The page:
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Thanks for reaching out to us on PI Square.
The amount of time it will take to do a full backup will depend on factors outside of the information you've provided such as the I/O rate of the disk which houses archive data, the I/O rate of the disk receiving the backup, the network latency and bandwidth as well how much space 5 yrs worth of data takes up for your organization. That last point is very important because 5 yrs of data could 5 Gb or could 5 Tb, depending on the number of tags, frequency of the data, and your compression settings.
Thus, we can't really give you an estimate based on the information you've provided to us. If you don't have a backup strategy in place already I would strongly encourage you do set one immediately regardless of how long it takes to copy the data from one location to another.
Thanks for reply.
We do have a backup strategy and we create full backup on weekly basis along with incremental backup on daily basis.
Now we want to move this to removable disks and for that we want to know the timing as how long it will take for copying data.
I totally agree we do need the have I/O rate of the disk receiving the backup, the network latency and bandwidth but if we can have a generic view..it would be helpful.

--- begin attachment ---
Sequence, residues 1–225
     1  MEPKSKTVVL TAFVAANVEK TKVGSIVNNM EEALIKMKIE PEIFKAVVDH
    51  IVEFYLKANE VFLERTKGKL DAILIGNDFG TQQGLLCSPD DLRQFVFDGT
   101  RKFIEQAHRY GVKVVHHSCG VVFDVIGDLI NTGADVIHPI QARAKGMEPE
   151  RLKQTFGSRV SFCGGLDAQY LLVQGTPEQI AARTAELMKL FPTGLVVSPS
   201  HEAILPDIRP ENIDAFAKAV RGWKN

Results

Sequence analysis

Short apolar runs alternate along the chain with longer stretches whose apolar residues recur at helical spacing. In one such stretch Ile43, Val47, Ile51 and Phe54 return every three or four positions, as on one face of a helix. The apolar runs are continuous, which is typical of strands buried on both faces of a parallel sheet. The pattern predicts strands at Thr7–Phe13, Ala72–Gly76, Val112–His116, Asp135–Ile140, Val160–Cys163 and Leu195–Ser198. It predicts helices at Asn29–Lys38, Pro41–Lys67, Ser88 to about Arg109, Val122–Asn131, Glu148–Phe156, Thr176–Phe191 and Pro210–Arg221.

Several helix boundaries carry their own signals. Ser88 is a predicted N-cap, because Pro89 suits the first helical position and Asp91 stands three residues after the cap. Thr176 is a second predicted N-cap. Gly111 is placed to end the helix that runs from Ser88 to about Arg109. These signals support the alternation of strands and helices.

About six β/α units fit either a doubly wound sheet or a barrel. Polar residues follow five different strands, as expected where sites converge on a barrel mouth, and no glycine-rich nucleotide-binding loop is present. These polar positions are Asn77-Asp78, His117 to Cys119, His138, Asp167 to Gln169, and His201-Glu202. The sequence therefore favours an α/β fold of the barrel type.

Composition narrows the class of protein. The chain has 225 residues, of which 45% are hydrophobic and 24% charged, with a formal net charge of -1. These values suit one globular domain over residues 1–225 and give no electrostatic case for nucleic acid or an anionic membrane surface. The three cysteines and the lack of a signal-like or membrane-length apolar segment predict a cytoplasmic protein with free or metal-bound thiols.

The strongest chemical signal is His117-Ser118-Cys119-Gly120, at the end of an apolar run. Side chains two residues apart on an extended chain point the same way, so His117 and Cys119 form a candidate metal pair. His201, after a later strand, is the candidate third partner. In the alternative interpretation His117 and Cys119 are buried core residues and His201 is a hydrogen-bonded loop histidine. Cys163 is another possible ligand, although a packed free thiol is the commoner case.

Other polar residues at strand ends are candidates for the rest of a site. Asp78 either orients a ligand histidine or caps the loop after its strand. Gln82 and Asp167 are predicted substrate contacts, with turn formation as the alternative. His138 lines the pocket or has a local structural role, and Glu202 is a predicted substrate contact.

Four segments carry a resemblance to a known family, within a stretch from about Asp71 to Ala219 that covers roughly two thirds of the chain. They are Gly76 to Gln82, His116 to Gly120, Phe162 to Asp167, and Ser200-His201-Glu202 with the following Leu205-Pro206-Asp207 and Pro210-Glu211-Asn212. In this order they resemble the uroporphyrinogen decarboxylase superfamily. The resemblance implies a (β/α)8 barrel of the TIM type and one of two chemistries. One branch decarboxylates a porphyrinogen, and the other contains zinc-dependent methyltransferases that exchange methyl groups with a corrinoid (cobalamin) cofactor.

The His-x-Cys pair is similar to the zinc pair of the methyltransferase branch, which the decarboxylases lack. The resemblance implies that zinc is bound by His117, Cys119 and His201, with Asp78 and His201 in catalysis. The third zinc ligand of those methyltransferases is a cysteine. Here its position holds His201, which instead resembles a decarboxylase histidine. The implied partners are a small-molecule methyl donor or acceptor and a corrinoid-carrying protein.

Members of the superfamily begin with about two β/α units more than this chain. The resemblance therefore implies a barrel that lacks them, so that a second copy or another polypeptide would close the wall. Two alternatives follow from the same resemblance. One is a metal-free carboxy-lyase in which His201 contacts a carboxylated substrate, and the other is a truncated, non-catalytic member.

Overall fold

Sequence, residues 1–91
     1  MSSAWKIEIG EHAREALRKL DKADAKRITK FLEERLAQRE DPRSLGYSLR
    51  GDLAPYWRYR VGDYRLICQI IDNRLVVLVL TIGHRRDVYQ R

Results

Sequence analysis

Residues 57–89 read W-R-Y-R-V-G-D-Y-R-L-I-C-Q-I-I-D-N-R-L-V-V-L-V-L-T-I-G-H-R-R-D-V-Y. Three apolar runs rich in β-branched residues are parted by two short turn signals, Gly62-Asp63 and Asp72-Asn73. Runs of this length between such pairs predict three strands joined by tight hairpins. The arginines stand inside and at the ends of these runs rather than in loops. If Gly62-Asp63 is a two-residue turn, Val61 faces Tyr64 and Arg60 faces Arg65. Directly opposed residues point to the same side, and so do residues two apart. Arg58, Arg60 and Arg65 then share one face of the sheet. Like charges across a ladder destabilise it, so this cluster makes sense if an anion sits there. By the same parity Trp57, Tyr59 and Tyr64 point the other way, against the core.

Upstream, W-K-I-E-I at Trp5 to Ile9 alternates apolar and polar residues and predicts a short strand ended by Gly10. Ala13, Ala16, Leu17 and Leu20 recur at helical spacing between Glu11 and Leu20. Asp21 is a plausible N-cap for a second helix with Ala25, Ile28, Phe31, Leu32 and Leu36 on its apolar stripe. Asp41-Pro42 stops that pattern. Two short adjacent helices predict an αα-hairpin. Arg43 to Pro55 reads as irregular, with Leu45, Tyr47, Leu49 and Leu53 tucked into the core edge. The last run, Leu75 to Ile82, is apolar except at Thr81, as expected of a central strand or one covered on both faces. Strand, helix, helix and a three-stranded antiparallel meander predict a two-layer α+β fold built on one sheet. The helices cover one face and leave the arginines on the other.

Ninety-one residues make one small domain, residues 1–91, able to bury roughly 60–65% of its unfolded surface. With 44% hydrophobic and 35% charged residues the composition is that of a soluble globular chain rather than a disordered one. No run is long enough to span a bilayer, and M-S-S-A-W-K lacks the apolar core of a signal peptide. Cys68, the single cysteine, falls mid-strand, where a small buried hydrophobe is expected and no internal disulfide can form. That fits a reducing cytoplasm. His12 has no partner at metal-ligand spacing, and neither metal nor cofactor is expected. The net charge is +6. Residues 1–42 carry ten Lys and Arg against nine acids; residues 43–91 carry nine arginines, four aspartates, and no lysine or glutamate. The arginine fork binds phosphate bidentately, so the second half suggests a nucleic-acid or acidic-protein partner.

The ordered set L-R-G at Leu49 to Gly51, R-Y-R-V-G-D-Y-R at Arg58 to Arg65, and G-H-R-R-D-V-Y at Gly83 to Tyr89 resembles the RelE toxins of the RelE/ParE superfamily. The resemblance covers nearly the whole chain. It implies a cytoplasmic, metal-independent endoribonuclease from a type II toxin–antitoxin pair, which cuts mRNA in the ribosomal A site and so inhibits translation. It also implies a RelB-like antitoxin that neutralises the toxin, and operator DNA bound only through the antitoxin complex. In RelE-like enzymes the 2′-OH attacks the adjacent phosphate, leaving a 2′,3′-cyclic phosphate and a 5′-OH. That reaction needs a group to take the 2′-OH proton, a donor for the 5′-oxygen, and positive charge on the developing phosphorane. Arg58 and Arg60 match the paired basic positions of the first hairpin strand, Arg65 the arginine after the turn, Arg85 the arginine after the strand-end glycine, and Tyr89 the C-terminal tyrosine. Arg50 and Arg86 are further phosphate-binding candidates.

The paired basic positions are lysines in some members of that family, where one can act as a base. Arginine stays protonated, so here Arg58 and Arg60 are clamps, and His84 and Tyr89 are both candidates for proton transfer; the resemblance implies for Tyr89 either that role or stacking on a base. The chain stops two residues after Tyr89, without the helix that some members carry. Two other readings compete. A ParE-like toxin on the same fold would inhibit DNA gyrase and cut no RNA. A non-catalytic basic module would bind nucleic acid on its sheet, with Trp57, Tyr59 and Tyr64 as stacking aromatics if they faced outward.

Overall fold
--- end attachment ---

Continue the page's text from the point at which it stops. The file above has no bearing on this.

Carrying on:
To Rob's point, these actions are entirely dependent on the parameters that he mentions. There is no "generic view" as it is totally dependent on the size of data and speed of disks and network involved.
Can you just copy a month or two and obtain the average time per month? This assumes your archives are all about the same size.
Here are some rule-of-thumb numbers that I tend to use a lot: A typical PI value (32-bit int or float, no subsecond timestamp) takes 5 bytes in the data archive. A typical value that stores subsecond timestamps takes 12 bytes. Assuming reasonably large archives (GB or more range), the header and index data in an archive can be treated as taking up negligible space. Strings and blobs take more space in the data archive, but I generally assume the number of string/blob values being stored in PI is also negligible in a typical system.
If you can make some reasonable assumptions about your average data rate archived, you can calculate roughly the amount of disk you'll use. For example, say 10% of 100K events/sec sampled after exception/compression are archived: 10K events/sec archived * 12 bytes (typical worst case)/event * 86400 sec/day * 365 days/year * 5 years = ~17TB of disk. So, I'd say for a system with an average archive rate of 10K events/sec, you'd need to back up roughly 10-17 TB of disk. If your archive rate is half that, then I'd divide the result in half, etc.
How long that takes to back up would depend on the I/O rates of your hardware.
BTW, if you don't know how many events/sec you normally archive, you can monitor this using "%PISERVER%\adm\piartool -as" on the command prompt (during typical operations of your site) to get a reasonable estimate.
Hope this helps.